Researchers at the Max Planck Institute for Biophysical Chemistry and the German Center for Neurodegenerative Diseases in Göttingen – in collaboration with Polish colleagues – have now “filmed” how a protein gradually unfolds for the first time.
“Snapshot” of the unfolding of the CylR2 protein from Enterococcus faecalis. If the protein is cooled from 25°C to -16°C, it successively breaks down into its two identical subunits. The latter are initially stable, but at -16°C they form an instable, dynamic protein form, which plays a key role in folding.
© Zweckstetter, Max Planck Institute for Biophysical Chemistry & German Center for Neurodegenerative Diseases
By combining low temperatures and NMR spectroscopy, the scientists visualized seven intermediate forms of the CylR2 protein while cooling it down from 25°C to - 16°C. Their results show that the most instable intermediate form plays a key role in protein folding. The scientists’ findings may contribute to a better understanding of how proteins adopt their structure and misfold during illness. (Nature Chemical Biology, 10. February 2013)Whether Alzheimer’s, Parkinson’s or Huntington’s Chorea – all three diseases have one thing in common: They are caused by misfolded proteins that form insoluble clumps in the brains of affected patients and, finally, destroy their nerve cells. One of the most important questions in the biological sciences and medicine is thus: How do proteins – the tools of living cells – achieve or lose their three-dimensional structure. Because only if their amino acid chains are correctly folded, can proteins perform their tasks properly.
Stefan Becker's group undertook the first step: to prepare a sufficient quantity of the protein in the laboratory. Subsequently, the two chemists cooled the protein successively from 25°C to -16°C and examined its intermediate forms with NMR spectroscopy. They achieved what they had hoped for: Their “film clip” shows at atomic resolution how the protein gradually unfolds. The structural biologist Markus Zweckstetter describes exactly what happens in this process: “We clearly see how the CylR2 protein ultimately splits into its two subunits. The individual subunit is initially relatively stable. With further cooling, the protein continues to unfold and at -16 °C it is extremely instable and dynamic. This instable protein form provides the seed for folding and can also be the “trigger” for misfolding.” The scientist’s findings may help to gain deeper insights into how proteins assume their spatial structure and why intermediate forms of certain proteins misfold in the event of illness. (cr)Original Publication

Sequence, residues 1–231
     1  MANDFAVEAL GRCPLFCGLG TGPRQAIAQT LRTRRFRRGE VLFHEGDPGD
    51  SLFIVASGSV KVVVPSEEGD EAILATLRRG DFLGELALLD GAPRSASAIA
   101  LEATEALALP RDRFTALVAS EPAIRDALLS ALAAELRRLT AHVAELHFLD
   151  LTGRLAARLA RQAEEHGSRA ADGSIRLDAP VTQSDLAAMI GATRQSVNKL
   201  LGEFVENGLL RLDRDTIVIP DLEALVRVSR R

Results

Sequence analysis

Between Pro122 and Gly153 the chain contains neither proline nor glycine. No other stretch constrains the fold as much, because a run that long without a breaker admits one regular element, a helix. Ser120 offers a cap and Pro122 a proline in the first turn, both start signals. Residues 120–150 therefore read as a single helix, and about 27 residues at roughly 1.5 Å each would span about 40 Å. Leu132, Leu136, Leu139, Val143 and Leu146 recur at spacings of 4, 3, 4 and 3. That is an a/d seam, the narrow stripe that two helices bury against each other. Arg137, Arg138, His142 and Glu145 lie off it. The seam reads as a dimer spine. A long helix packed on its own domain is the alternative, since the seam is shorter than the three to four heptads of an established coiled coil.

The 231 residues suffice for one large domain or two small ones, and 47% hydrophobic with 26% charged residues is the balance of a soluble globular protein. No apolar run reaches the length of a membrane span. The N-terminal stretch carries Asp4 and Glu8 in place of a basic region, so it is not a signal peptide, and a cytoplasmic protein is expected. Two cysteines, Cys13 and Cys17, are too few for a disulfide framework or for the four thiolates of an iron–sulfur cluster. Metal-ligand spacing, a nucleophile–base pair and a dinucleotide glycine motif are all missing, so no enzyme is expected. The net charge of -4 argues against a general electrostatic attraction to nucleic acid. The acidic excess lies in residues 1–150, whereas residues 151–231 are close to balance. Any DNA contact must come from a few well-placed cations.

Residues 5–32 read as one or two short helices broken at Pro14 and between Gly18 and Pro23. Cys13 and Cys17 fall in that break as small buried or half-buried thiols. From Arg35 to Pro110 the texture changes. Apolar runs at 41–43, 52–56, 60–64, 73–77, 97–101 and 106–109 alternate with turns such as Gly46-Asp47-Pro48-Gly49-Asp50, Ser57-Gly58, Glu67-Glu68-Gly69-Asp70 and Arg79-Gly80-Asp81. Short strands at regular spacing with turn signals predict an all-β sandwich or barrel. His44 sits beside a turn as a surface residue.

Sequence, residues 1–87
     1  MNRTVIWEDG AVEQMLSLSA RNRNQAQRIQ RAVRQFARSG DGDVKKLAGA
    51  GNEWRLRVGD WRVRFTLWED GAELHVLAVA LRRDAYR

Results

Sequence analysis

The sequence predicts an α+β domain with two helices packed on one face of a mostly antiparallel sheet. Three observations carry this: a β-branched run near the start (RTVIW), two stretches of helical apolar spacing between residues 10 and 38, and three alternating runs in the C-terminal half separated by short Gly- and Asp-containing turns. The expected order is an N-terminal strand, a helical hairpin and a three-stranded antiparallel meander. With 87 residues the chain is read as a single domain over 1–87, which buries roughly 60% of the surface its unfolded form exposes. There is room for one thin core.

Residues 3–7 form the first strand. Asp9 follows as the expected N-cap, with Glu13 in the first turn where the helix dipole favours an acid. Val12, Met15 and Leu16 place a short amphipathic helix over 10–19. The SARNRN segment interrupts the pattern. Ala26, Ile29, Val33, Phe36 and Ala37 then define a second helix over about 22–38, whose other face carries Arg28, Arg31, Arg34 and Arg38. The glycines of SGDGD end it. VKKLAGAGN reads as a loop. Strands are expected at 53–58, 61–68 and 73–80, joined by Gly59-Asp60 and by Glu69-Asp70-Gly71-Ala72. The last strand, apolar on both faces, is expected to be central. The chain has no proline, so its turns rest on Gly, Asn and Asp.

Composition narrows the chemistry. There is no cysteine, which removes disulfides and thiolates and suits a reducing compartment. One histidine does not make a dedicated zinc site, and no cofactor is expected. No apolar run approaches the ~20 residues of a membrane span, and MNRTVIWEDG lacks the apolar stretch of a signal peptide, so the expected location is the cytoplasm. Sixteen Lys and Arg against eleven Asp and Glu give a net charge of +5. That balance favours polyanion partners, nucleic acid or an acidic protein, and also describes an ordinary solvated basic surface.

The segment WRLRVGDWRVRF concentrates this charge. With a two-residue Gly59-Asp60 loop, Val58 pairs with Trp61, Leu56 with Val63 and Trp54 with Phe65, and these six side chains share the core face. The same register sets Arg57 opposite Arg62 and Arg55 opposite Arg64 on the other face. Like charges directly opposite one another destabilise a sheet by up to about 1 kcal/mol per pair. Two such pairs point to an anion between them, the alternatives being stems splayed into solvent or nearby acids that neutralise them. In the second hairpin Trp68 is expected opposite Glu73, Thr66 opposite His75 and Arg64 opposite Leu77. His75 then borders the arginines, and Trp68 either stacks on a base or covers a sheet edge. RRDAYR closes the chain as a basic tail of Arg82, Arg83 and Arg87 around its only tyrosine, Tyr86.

Dr. Dirk Förger | Max-Planck-Institute
Further reports about: > Alzheimer > Chemical Biology > CylR2 > DZNE > German language > MPIbpc > MR spectroscopy > Max Planck Institute > NMR spectroscopy > Nature Chemical Biology > Protein > atomic resolution > chemical engineering > nerve cell > neurodegenerative diseases > protein folding > protein structures > synthetic biology
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